The flat bone that is in a trilateral shape is known as the Scapula. It is observed positioned at the back of the trunk. The scapula performs a significant role in supporting the other bones connected to the shoulder motion rhythm. The blood supply to the scapula is usually impaired in neurological conditions such as strokes, cerebrovascular accidents, and other brain hemorrhages.
In the pectoral girdle, a pair of scapula bones are present. It forms the posterior part of the shoulder girdle and is situated over the ribs posteriorly, covering the second to seventh ribs.
The scapula location is on the outer edge of your ribcage, between ribs 2 and 7. It's one of the bones that make up the pectoral girdle, including the clavicle or collarbone. The Scapula structure consists of a spine, a coracoid, an acromion process, and a glenoid cavity.
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The Scapula is liable for various motions essential to everyday movement and sleek upper extremity motion. The scapula moves forward and back with the pectoral girdle as a result of protraction and retraction.
Protraction occurs when the whole pectoral girdle moves backwards as the arm is raised from below shoulder level, while retraction occurs as the arm descends from above shoulder level. It supports the shoulder capsule throughout extreme arm movement by revolving upwards and downwards.
The scapula region is on the higher posterior surface of the trunk and is circumscribed by the muscles that connect to the Scapula (shoulder blade). These scapula muscles can be divided into :
Extrinsic scapula muscles - It joins the appendicular skeleton to the axial ( levator scapulae, latissimus dorsi, trapezius, rhomboid minor, and rhomboid major)
Intrinsic scapula muscles - These muscles join the Scapula to the humerus (deltoid, supraspinatus, infraspinatus, teres minor, teres major, and subscapularis).
Stabilization and Rotation of the Scapula - This consists of the serratus anterior, trapezius, levator scapulae, and rhomboid muscles and is attached to the superior, medial and inferior borders of the Scapula.
Superior border: It is the thinnest and the shortest border.
Medial border: It is a tiny border moving parallel to the vertebral column and is usually ascribed to as the vertebral border.
Lateral border: It is alternatively identified as the axillary border, operating towards the axilla apex. Among the 3 borders, it is the strongest and the thickest. It also sustains the glenoid cavity, which connects with the rounded head of the humerus, creating the shoulder joint or glenohumeral joint.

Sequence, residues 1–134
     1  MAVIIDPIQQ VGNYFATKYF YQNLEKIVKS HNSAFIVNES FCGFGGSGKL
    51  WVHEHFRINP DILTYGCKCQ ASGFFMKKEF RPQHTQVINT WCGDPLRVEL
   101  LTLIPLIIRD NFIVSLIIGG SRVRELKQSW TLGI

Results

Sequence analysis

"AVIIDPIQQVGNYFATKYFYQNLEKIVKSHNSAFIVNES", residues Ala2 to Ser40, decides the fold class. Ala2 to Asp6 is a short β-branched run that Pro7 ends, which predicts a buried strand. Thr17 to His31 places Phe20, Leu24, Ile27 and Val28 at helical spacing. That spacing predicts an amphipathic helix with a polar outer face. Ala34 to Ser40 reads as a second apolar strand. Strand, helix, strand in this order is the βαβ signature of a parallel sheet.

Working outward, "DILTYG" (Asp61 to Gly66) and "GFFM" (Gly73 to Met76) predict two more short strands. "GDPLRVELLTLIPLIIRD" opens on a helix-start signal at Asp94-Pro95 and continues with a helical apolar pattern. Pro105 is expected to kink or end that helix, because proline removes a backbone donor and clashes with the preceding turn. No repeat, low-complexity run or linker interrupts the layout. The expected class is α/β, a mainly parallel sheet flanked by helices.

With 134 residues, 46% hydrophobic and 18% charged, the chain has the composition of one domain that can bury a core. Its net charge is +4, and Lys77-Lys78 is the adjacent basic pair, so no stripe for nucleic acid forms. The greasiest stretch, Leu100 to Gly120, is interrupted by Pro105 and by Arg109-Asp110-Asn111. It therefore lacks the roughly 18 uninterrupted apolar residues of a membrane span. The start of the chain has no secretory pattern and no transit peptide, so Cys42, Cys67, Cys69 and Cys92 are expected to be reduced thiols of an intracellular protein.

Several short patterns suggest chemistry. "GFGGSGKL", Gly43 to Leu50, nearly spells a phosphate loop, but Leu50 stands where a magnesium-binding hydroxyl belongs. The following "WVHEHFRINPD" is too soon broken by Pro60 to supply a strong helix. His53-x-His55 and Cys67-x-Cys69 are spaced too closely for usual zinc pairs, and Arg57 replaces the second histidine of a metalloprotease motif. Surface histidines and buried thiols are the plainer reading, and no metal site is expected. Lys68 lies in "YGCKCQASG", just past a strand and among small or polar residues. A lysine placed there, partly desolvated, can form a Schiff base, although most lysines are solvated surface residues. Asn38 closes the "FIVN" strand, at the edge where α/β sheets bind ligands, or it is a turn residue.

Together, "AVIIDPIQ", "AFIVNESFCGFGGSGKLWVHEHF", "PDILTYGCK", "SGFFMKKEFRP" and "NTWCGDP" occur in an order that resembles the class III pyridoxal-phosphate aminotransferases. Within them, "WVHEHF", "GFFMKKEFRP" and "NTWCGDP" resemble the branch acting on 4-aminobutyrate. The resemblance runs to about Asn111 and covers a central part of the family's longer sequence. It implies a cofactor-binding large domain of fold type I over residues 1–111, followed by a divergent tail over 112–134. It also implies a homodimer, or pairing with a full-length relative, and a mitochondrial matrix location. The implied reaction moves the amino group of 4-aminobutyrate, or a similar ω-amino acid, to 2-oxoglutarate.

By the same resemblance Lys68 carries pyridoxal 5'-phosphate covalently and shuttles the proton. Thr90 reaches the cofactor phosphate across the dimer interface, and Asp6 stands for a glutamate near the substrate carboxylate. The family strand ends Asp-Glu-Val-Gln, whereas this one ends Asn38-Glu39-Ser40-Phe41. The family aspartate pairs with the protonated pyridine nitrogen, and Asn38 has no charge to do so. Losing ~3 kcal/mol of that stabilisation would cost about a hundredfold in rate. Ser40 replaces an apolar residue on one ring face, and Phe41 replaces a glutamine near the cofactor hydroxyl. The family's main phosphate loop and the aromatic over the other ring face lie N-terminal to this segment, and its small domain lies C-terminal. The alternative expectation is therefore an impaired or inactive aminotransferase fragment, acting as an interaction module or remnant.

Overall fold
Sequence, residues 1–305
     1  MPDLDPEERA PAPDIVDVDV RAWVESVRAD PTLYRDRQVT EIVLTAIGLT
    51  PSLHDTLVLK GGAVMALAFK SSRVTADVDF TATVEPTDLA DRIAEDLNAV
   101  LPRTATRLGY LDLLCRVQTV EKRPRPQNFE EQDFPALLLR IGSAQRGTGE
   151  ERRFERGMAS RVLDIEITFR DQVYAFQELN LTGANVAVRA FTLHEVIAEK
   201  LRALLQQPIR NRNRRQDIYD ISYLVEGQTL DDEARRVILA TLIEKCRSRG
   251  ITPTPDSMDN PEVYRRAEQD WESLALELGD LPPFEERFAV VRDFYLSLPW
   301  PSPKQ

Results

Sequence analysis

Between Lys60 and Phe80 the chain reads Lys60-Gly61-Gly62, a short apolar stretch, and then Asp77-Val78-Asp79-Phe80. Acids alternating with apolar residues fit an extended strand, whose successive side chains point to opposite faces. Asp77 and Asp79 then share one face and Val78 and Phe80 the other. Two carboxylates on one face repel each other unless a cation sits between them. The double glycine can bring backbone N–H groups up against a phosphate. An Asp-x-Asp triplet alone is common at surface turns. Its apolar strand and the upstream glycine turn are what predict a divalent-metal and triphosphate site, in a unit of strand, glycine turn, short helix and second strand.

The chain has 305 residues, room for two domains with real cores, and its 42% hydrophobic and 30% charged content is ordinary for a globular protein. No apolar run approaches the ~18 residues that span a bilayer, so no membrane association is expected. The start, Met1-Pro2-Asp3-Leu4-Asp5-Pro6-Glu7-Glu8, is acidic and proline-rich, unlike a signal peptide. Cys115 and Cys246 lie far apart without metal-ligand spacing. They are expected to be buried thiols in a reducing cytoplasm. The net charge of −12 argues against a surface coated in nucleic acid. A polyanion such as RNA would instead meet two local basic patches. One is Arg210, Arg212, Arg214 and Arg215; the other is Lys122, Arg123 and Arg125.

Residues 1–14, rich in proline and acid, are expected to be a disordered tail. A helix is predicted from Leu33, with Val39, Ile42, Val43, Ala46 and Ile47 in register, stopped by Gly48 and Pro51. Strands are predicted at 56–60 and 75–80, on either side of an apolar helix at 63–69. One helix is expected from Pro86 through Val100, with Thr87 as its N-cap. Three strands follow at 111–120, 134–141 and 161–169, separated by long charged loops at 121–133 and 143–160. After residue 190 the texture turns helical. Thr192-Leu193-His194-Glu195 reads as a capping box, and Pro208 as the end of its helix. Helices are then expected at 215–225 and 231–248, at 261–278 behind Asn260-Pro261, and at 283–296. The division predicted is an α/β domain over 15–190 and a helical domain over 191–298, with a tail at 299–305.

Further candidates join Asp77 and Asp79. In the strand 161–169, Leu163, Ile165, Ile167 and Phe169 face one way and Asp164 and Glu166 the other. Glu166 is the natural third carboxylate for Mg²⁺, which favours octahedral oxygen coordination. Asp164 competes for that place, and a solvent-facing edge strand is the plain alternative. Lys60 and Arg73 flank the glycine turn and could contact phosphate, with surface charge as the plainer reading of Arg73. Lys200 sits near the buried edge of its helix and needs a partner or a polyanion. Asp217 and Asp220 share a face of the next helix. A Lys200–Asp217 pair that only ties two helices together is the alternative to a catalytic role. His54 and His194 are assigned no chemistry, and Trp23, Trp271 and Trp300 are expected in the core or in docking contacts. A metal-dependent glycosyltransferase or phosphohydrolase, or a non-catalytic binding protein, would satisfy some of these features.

The superior border meets with the lateral border, creating the lateral angle.
The superior border also coincides with the medial border to create the superior angle.
The third angle, named the inferior angle, is developed where the lateral and medial borders meet.
1. Costal Surface - It is the anterior surface of the Scapula covering the thoracic cage or ribcage. It has a large depression oriented toward the back, called the subscapular fossa, from which the subscapularis muscle emerges. A projection hook-like, termed the coracoid method, starts from the superior border of the head of the Scapula, projecting forward and curving laterally, lying under the clavicle.
2. Lateral Surface - This covering of the Scapula faces the humerus. Its major bony landmarks are:
Glenoid fossa – It is a shoal pyriform cavity found at the lateral angle of the Scapula. It connects with the rounded head of the humerus, creating the glenohumeral (shoulder) joint.
Supraglenoid tubercle – A tiny projection on the scapula's glenoid fossa, at the base of the coracoid process.
Infraglenoid tubercle – It is a rugged impression located on the side part of the Scapula, directly under the glenoid fossa.
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3. Posterior Surface - This Scapula faces outwards. Most of the rotator cuff tissues of the shoulder start from here. Its critical anatomical landmarks are: